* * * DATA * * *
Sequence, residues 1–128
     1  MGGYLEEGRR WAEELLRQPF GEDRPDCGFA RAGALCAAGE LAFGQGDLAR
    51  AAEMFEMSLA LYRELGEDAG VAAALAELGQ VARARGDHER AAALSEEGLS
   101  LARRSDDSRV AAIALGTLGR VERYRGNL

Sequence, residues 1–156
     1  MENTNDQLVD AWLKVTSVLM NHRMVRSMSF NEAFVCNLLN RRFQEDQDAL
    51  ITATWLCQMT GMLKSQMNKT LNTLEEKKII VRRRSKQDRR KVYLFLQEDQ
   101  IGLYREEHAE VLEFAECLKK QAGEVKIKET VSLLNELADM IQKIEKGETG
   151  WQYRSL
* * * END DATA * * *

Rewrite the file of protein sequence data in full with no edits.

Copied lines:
Sequence, residues 1–128
     1  MGGYLEEGRR WAEELLRQPF GEDRPDCGFA RAGALCAAGE LAFGQGDLAR
    51  AAEMFEMSLA LYRELGEDAG VAAALAELGQ VARARGDHER AAALSEEGLS
   101  LARRSDDSRV AAIALGTLGR VERYRGNL

Sequence, residues 1–156
     1  MENTNDQLVD AWLKVTSVLM NHRMVRSMSF NEAFVCNLLN RRFQEDQDAL
    51  ITATWLCQMT GMLKSQMNKT LNTLEEKKII VRRRSKQDRR KVYLFLQEDQ
   101  IGLYREEHAE VLEFAECLKK QAGEVKIKET VSLLNELADM IQKIEKGETG
   151  WQYRSL